Hello and thank you for visiting AikiWeb, the
world's most active online Aikido community! This site is home to
over 22,000 aikido practitioners from around the world and covers a
wide range of aikido topics including techniques, philosophy, history,
humor, beginner issues, the marketplace, and more.
If you wish to join in the discussions or use the other advanced
features available, you will need to register first. Registration is
absolutely free and takes only a few minutes to complete so sign up today!
cicada by mondays child used under creative commons licence
In many ways, baseball was perfectly suited to the Japanese. Before the Meiji Era, the very idea of recreational sport was nonexistent in Japan. The physical arts that were practiced were military in nature: swordsmanship, archery, horse riding, etc. Some say that these Japanese arts lacked a team element, and this new game fit well in a culture where group harmony is paramount. Maybe it helped that baseball has, at its heart, a powerful one-on-one confrontation between pitcher and batter, not unlike Kendo, Judo, Sumo and other martial arts. Perhaps it helped that the baseball bat could be handled much like the wooden swords used in Kendo. Many say that the complexity and strategy of baseball, and the time to consider strategy before and after each move, is what makes baseball so appealing to the Japanese. What is clear is that baseball has reached a place of prominence in Japan that nobody could have foreseen.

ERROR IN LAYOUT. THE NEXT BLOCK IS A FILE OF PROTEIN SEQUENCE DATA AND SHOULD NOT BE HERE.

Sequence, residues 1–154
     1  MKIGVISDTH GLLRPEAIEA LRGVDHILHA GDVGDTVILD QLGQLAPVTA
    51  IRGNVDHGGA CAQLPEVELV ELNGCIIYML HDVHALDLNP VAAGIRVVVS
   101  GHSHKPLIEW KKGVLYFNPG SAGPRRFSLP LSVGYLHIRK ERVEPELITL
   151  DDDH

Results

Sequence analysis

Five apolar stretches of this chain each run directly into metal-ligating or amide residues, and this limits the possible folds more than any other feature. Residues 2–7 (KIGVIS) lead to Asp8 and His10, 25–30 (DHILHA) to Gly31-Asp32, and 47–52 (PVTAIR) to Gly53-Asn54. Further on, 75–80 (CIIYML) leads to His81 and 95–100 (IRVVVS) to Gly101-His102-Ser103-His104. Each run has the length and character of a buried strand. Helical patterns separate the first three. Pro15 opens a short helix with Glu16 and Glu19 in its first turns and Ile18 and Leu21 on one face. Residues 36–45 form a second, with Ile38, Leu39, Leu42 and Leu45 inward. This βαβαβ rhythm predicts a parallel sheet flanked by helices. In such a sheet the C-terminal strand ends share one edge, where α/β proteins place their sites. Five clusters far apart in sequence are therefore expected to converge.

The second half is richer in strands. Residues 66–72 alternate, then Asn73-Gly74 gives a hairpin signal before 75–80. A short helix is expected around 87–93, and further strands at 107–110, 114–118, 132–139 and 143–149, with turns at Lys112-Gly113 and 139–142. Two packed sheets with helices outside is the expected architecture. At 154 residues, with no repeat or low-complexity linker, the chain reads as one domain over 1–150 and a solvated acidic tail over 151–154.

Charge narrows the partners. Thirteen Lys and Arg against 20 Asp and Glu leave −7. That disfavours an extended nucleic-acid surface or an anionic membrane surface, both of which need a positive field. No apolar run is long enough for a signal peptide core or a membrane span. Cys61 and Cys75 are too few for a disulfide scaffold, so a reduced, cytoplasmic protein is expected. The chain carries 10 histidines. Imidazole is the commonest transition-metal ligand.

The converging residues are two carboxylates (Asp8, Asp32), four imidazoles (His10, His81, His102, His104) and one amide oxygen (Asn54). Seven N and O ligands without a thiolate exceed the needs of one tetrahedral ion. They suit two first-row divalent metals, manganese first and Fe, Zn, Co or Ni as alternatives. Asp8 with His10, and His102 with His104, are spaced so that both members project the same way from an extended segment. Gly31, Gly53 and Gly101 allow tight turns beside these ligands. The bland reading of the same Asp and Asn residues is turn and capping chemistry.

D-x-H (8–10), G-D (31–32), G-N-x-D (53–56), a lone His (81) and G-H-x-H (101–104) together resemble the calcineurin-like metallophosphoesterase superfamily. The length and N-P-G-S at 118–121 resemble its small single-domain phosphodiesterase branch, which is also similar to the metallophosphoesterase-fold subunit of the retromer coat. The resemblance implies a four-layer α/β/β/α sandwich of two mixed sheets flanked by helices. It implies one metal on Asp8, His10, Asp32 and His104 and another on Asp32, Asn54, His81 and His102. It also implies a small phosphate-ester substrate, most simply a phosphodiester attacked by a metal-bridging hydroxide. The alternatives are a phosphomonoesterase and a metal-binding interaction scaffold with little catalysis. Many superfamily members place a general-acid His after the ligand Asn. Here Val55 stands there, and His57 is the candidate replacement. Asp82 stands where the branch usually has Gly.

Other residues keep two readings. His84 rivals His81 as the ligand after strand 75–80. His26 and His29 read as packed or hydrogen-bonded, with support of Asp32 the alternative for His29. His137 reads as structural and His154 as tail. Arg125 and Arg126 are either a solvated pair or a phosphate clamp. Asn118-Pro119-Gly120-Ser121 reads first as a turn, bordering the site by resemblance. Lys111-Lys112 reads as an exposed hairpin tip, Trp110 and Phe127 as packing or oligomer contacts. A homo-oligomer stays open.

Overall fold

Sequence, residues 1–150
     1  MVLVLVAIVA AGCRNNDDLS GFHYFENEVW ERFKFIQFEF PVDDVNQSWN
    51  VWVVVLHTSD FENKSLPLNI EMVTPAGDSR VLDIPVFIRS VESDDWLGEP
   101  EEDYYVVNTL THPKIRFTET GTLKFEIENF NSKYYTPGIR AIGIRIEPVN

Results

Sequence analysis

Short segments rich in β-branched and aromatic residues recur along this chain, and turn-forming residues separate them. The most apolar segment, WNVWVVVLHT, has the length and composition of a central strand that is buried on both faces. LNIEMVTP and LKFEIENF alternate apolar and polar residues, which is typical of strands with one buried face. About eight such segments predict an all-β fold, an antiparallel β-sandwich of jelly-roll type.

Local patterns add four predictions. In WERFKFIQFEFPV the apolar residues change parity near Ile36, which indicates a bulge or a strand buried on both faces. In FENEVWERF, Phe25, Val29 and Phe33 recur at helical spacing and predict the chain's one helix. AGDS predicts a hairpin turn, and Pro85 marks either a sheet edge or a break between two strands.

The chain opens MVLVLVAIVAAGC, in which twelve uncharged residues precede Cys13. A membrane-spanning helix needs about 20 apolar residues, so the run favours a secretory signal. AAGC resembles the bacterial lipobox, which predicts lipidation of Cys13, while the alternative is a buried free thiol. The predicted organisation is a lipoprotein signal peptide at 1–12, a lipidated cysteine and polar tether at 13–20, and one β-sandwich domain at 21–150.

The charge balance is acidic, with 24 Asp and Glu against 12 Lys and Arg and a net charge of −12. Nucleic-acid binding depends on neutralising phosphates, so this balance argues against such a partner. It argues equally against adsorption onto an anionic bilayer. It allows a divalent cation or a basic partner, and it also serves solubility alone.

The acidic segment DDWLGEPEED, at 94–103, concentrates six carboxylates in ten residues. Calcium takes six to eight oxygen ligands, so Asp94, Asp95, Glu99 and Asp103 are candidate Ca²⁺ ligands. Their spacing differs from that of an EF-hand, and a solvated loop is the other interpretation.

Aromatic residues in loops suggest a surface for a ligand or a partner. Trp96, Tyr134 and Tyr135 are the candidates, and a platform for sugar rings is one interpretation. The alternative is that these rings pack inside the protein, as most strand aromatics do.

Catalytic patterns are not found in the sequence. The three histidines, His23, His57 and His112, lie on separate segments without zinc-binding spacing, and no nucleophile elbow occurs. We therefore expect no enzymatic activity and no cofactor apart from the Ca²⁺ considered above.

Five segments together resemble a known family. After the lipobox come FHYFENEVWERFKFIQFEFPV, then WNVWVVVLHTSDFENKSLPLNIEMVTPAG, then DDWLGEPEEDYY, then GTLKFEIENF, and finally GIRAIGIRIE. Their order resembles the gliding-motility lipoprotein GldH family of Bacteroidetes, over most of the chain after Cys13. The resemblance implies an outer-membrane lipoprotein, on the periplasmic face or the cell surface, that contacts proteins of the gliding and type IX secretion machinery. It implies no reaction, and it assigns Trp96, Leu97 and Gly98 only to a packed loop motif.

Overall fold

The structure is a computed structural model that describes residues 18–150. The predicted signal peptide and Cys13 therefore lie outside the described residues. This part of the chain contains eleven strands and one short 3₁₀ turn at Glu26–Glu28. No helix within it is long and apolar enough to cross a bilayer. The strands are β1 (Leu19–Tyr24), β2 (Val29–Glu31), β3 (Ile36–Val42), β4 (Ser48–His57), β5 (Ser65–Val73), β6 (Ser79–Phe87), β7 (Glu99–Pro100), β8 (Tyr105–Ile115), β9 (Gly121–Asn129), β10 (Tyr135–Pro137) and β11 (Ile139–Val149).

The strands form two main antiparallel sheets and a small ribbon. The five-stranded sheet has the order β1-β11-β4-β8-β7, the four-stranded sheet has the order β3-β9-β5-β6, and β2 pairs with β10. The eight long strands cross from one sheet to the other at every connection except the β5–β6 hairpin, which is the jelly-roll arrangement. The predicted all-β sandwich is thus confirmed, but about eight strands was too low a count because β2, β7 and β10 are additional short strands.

Kokoyakyu High School Baseball
a cicada shell
it sang itself
a cicada sends
its sawing song
high into the empty air
the world is
a glass overflowing
Pablo Neruda, Ode to Enchanted Light
Pigeon friend of mine,
Fly on, sing on.
Carl Sandburg, Pigeon
蝉が鳴き semi ga naki 球児が泣いた kyuuji ga naita 甲子園 koushien
and baseball players crying
their last koshien
In Japan the peak heat of summer has passed. But every morning you can still hear the cicadas. And the pigeons and crows. The other day a car alarm went off and the cicadas seemed to reply.
One of the biggest Japanese sports events of the year is held in August. It's the National High School Baseball Championship, called Koshien for short. It is always held at the Hanshin Tigers Koshien baseball stadium between Osaka and Kobe. It's the essence of sport. Full of drama and excitement yet still pure and innocent. As the first epigraph quotation explains baseball distills down to a duel. An ultimate duel between pitcher and batter. High school baseball is a team sport. But in Japan it's also a martial art.
On the last day after the final the siren sounds to end a game for the last time. Until next year. It's the sound of summer ending.